Heuristic Evaluation:

Project Brief

Headspace is a popular healthcare app focusing on meditation, available on both iOS and Android smartphones. It has a strong brand identity with its whimsical illustrations and colourful design.
This user interface analysis used the 10 Usability Heuristic principles developed by Jacob Nielsen to evaluate the usability of Headspace (late April, 2020) on the iPhone. The overall score my team gave Headspace was 2.09 (with a score of 0 being “no problems” and a 4 being “catastrophic”).

For this team project we discussed each screen as a group and averaged our individual scores. We also agreed on all recommendations as a group, then divided up the screens for redesigns (my specific screens are here and here). I also worked with Shraddha to consolidate all design elements, such as buttons, for consistency and the design guideline.

** All images and illustrations in this post are properties of Headspace except where noted. These images and illustrations are being used under the fair use doctrine.
Time Frame

April 2020






Usability Heuristics, Figma


Shraddha Gupta, Camille Naidoo, Shad Uadiale

Target Task Flow

Headspace was a fairly robust app with a lot of functions. For our analysis we focused on the task of trying to fall asleep with the help of the app.

Screenshots of the target task flow:

Heuristic Principles:

Out of the 10 principles, we found the following with violations:

  • Consistency and Standards
  • Help and Documentation
  • Match Between System and the Real World
  • Flexibility and Efficiency of Use
  • Aesthetic and Minimalist Design
  • Visibility of System Status

These Principles were scored from 0 to 4.

A 0 means that this is not a usability problem.

A 4 denotes a usability catastrophe that prevents a user from completing a task.

Consistency and Standards


User should not have to wonder whether different words, situations, or actions mean the same thing.

Inconsistent verbiage for the same “play” action between screens. Using icon for “play” with actions that were related but had significant difference, making the visual language confusing.

Inconsistent colour and font for similar button actions between screens. Using icon associated with one action (i.e. “unlock”) with other actions.

Score: 1.25

Mostly cosmetic issues; fix if there is time.


Consolidating graphical language (i.e. icons) usage for the same actions in different screens and clarifying / differentiate actions that are similar but with significant differences.

Clarified language.

Removed icon reserved for “Play”.

Removed icon reserved for “Play”.

Consolidated wording for the play action.

Removed icon not associated with the language and clarified language for the actions. Standardized button design.

Help and Documentation


When necessary, information should be easy to search, focused on the user’s task, list concrete steps to be carried out, and not be too large.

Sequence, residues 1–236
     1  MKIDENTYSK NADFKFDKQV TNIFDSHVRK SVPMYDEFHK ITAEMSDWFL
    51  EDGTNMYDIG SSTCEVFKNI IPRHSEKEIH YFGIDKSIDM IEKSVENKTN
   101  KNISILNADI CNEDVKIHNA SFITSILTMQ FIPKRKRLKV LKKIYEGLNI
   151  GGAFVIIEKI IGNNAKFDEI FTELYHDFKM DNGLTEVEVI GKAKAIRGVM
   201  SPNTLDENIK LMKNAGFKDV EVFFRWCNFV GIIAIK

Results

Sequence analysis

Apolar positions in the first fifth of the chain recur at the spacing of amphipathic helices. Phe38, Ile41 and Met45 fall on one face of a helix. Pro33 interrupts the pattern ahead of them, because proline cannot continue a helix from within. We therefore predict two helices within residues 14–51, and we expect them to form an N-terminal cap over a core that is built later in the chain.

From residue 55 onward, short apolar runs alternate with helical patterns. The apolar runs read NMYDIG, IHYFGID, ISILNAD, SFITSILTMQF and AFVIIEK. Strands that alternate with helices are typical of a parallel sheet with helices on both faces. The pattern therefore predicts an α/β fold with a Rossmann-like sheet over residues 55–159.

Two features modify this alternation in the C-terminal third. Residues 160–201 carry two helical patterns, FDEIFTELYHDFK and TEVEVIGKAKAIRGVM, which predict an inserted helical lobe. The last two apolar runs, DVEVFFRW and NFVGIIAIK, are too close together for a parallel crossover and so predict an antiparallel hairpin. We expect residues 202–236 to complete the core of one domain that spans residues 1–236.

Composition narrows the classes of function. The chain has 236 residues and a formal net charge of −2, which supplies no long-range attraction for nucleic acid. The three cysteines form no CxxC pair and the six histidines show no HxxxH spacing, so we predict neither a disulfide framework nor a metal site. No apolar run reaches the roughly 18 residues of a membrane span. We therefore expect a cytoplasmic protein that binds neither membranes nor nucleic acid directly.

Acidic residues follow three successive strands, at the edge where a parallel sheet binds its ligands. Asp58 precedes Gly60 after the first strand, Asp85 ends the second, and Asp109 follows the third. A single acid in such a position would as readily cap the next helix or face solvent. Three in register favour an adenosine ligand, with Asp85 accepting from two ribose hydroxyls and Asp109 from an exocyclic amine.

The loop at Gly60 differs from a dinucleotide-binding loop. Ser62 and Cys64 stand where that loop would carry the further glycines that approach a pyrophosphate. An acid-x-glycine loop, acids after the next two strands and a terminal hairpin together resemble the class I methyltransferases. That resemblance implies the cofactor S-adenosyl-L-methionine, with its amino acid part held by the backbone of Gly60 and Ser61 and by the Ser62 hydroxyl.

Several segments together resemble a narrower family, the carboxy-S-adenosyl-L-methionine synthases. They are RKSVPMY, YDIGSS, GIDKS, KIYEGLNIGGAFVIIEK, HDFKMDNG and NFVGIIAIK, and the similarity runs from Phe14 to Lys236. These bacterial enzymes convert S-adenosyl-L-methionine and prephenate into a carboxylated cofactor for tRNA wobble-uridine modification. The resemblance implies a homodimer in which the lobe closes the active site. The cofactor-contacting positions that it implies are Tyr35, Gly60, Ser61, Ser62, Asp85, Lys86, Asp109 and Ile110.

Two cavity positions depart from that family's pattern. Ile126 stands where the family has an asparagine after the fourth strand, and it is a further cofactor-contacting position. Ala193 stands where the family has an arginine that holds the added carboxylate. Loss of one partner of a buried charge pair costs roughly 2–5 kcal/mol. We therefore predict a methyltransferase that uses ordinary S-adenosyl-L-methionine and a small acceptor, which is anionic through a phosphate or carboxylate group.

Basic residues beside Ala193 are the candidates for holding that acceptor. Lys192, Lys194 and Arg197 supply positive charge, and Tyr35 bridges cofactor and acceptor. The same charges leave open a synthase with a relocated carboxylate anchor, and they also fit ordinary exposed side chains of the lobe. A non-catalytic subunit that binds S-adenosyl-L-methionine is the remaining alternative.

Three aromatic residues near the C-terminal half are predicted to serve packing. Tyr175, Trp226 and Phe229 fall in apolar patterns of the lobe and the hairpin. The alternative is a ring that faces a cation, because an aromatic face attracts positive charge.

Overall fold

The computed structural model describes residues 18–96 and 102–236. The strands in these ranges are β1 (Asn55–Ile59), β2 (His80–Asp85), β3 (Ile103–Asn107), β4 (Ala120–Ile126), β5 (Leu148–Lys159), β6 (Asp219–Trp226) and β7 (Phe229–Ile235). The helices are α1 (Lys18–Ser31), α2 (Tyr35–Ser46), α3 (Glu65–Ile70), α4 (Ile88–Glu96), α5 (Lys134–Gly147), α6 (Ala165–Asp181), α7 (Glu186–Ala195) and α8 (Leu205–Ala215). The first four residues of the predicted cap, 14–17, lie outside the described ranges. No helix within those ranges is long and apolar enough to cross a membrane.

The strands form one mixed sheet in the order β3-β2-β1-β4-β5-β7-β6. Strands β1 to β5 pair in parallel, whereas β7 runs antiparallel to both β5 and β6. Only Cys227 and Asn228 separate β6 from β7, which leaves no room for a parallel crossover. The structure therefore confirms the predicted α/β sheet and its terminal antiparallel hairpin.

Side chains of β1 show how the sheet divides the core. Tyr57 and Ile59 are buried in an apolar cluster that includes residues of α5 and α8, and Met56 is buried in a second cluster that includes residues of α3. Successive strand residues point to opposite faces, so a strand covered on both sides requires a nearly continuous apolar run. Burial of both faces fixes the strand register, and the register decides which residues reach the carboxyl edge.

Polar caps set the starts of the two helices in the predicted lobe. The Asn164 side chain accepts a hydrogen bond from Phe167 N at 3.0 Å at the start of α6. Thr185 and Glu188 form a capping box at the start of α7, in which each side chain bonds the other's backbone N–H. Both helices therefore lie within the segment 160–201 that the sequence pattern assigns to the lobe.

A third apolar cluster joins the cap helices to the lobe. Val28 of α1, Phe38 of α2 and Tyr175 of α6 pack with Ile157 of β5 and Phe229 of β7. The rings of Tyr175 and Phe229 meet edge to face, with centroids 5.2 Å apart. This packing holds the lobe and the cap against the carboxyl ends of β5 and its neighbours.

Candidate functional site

No indication that the app and audio would continue when the phone was locked or minimized manually.

Score: 1.7

Minor usability problem; low priority.


Added a clarifying message.

Match Between System and the Real World


They system should speak the users’ language, with words, phrases and concepts familiar to the user. Follow real-world conventions.

The word “move” and the corresponding icon did not match common expectation. Icon was hard to decipher.

Score: 1.8

Minor usability problem; low priority.


Updated wording and icon to be more in line with the common understanding of “exercise”.

Flexibility and Efficiency of Use


Accelerators – unseen by the novice user – may often speed up the interaction for the expert user. Allow users to tailor frequent actions.

The most visible CTA was inaccessible. The accessible contents required several extra steps without a way to make shortcuts.

This was likely an example of “dark pattern” – purposeful inconvenience to promote sales. In this case it was to “nudge” users to pay for the subscription service.

We should generally discourage the undermining of usability for the purpose of marketing. There are more palatable ways to promote products to users.

Score: 2

Minor usability problem; low priority.


Rearranged the promotional prompt to the lower half of the screen.
Regrouped items based on if it’s accessible to the account type (for example, a free account).

Aesthetic and Minimalist Design


Dialogues should not contain information which is irrelevant or rarely needed. Extra information competes with the relevant information and diminishes their relative visibility.

Extra and non-essential contents diminished task visibility.

Score: 2.8

Major usability problem and should be fixed.


Minimized promotional material on the opening screen by moving them further down.

Removed superfluous information and screens that were unrelated to the task (“falling asleep”) after the audio had finished playing.
Added shortcuts to continue the task in case the user was still awake.

Collapsed descriptive (but not substantive) write-up so the task CTAs are visible without the need for scrolling.

Visibility and System Status


The system should always keep users informed about what is going on, through appropriate feedback within reasonable time.

No feedback was given during and after the download process. Toggle button was an inappropriate choice to indicate download status.

Score: 2.98

Significant usability problem and should be fixed.


Changed the icon to indicate different states and actions for file download. Added progress bar and appropriate wording.

Executive Summary

UI Design Guide

Samples of Design Guide for design hand-off.

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